Business & Economy

UN projects global maritime trade to moderate to 1.4% due to economic gloom

Geneva, Switzerland, Nov 29 (EFE).- The global maritime trade growth will moderate to 1.4 percent for 2022 due to the war in Ukraine and the persisting pandemic effects on the economy, the United Nations trade agency said on Tuesday.

In its Review of Maritime Transport for 2022, the UN Conference on Trade and Development (UNCTAD) projected that the maritime trade growth, which transports more than 80 percent of the merchandise trade in the world, would stay at that level in 2023.

“And for the period 2023–2027 (the maritime trade will) expand at an annual average of 2.1 percent, a slower rate than the previous three-decade average of 3.3 percent,” the report said.

For many years the fastest-growing segment was containerized trade, for which the UN agency projected the growth in 2022 to be a tepid 1.2 percent before marginally picking up to 1.9 percent in 2023.

“The projected deceleration is a consequence not just of pandemic-induced lockdowns, but also of strong macroeconomic headwinds combined with a weakening in China’s economy,” said the report.

The report said the recovery in maritime transport and logistics was now at risk from the war in Ukraine, the continued grip of the pandemic, and the supply-chain constraints.

The report warned that with rising inflation and living costs, consumers were spending less and switching expenditures from goods to services.

The UN agency called for investment in maritime supply chains to enable ports, shipping fleets, and hinterland connections to better prepare for future global crises, climate change, and the transition to low-carbon energy.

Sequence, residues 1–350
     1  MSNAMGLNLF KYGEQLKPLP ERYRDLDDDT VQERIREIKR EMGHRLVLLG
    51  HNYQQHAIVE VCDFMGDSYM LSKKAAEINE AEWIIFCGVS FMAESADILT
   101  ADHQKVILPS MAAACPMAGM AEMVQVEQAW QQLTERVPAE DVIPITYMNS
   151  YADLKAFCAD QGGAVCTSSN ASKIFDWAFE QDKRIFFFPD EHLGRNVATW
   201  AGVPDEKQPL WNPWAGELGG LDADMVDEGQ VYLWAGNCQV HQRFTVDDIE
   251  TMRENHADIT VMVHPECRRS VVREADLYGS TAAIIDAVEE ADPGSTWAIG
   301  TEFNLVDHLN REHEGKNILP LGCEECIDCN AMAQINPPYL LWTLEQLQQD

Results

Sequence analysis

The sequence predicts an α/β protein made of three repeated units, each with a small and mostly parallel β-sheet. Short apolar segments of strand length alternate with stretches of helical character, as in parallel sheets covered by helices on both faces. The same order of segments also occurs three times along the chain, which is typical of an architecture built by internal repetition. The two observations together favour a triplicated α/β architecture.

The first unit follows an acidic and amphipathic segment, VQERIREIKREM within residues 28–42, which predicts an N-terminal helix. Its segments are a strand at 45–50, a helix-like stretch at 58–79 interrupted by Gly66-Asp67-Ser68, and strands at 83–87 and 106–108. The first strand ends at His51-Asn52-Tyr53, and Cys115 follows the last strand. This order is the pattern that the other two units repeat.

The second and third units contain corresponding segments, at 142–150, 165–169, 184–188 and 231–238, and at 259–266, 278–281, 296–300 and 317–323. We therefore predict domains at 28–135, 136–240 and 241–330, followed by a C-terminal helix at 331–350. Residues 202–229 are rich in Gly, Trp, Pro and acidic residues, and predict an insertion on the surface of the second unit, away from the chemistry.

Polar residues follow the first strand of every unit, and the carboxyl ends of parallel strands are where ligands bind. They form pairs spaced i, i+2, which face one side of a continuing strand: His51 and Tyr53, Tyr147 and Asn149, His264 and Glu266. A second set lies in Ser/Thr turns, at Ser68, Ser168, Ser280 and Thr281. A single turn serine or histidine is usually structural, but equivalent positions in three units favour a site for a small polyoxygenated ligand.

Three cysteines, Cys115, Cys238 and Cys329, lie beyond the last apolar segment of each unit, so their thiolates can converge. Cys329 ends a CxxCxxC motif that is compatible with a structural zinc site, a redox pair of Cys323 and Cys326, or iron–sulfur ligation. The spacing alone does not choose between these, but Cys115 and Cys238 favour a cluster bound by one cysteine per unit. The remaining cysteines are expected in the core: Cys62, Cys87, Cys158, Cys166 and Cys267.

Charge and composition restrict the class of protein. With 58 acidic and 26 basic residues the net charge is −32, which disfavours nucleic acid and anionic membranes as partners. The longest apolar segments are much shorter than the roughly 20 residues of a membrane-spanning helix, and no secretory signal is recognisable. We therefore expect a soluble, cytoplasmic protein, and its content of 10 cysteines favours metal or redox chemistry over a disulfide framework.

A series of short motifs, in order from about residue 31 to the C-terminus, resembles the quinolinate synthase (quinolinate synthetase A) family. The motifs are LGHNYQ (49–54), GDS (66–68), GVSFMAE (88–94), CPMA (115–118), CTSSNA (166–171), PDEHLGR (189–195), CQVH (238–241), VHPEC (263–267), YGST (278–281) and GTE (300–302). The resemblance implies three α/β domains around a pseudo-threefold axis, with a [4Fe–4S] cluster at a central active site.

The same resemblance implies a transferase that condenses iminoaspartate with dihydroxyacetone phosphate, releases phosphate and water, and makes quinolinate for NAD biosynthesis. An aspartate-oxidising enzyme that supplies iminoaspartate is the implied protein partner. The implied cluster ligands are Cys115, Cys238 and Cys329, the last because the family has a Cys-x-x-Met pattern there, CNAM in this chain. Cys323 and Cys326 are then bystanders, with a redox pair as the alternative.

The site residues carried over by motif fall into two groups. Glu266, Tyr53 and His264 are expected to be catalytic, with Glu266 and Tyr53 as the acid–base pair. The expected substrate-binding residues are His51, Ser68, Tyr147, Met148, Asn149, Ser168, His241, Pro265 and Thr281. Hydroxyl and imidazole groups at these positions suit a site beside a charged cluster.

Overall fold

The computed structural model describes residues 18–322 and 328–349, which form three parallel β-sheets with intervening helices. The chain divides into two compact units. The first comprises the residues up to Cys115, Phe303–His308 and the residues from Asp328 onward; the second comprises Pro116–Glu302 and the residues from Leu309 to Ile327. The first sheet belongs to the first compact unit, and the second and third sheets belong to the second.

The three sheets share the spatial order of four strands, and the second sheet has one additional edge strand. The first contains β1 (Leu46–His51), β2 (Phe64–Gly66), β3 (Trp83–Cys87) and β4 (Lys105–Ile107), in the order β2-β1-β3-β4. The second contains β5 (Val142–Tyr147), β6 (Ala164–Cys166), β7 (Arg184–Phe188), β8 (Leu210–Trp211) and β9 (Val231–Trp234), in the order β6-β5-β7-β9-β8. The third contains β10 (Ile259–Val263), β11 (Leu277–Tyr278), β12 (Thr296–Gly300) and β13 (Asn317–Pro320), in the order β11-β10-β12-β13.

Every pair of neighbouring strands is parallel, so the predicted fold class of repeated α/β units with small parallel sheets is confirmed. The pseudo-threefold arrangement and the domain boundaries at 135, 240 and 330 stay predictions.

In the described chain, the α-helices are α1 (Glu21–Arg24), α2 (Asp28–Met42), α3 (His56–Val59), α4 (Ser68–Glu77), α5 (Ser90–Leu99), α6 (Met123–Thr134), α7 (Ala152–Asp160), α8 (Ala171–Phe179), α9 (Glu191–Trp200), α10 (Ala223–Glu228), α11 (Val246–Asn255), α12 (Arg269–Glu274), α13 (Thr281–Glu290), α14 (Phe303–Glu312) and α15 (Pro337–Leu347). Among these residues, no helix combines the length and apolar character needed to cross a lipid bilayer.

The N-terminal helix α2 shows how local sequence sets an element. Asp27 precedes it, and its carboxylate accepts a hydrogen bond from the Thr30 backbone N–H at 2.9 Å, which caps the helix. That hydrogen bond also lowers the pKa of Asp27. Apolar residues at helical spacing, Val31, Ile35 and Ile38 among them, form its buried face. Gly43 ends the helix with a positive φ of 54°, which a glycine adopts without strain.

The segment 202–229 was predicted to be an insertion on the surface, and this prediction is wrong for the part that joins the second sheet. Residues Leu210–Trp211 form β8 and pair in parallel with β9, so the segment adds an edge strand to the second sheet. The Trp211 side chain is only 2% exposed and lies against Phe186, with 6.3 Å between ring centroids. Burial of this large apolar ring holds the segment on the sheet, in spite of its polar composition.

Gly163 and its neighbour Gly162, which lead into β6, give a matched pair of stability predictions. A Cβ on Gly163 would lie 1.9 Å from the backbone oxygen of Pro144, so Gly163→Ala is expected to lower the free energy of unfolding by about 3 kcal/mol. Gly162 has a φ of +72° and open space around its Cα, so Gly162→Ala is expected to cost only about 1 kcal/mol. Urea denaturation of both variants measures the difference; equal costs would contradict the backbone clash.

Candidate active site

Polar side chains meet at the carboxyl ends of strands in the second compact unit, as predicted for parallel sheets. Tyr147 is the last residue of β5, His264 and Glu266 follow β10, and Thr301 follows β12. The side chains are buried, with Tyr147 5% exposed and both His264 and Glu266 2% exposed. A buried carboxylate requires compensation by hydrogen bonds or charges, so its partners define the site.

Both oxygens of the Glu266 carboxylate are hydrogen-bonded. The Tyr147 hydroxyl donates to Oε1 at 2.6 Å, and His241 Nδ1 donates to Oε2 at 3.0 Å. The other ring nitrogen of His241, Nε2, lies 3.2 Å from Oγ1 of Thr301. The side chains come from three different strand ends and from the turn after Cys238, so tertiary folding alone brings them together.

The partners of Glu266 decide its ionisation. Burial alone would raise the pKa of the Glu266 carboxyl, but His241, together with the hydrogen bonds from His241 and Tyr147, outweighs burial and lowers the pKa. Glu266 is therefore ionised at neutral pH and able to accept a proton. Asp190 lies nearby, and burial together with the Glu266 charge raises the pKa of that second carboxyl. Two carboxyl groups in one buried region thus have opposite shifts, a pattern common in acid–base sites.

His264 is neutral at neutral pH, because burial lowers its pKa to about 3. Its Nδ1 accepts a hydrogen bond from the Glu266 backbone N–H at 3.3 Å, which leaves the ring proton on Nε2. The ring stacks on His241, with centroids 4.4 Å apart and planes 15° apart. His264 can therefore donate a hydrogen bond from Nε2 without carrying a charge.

“We need to learn from the current supply chain crisis and prepare better for future challenges and transitions. This includes enhancing intermodal infrastructure, fleet renewal, and improving port performance and trade facilitation,” UNCTAD Secretary-General Rebeca Grynspan said.

“And we must not delay the decarbonization of shipping,” she insisted.

The report said logistics supply constraints with a surge in demand for consumer goods and e-commerce pushed container spot freight rates to five times their pre-pandemic levels in 2021.

The rates peaked in early 2022 and sharply increased consumer prices.

But they dropped since mid-2022 and remain high for oil and natural gas tanker cargo due to the ongoing energy crisis.

“Dry bulk freight rates increased due to the war in Ukraine and related economic measures, as well as the prolonged Covid-19 pandemic and supply chain disruptions,” said the report.

The UN agency projected that higher grain prices and dry bulk freight rates could lead to a 1.2 percent increase in consumer food prices, with higher increases in the middle- and low-income countries.

Grynspan also warned of a 4.7 percent increase in greenhouse gas emissions in the maritime and air transport sector between 2020 and 2021.

She expressed concern about the aging global fleet of ships.

“Since 2021, the average age of vessels has increased from 20 to 22 years. This is partly because ship owners and operators, uncertain about future fuel and carbon prices, environmental regulations and technological developments, have delayed investment and are keeping older vessels in operation.” EFE


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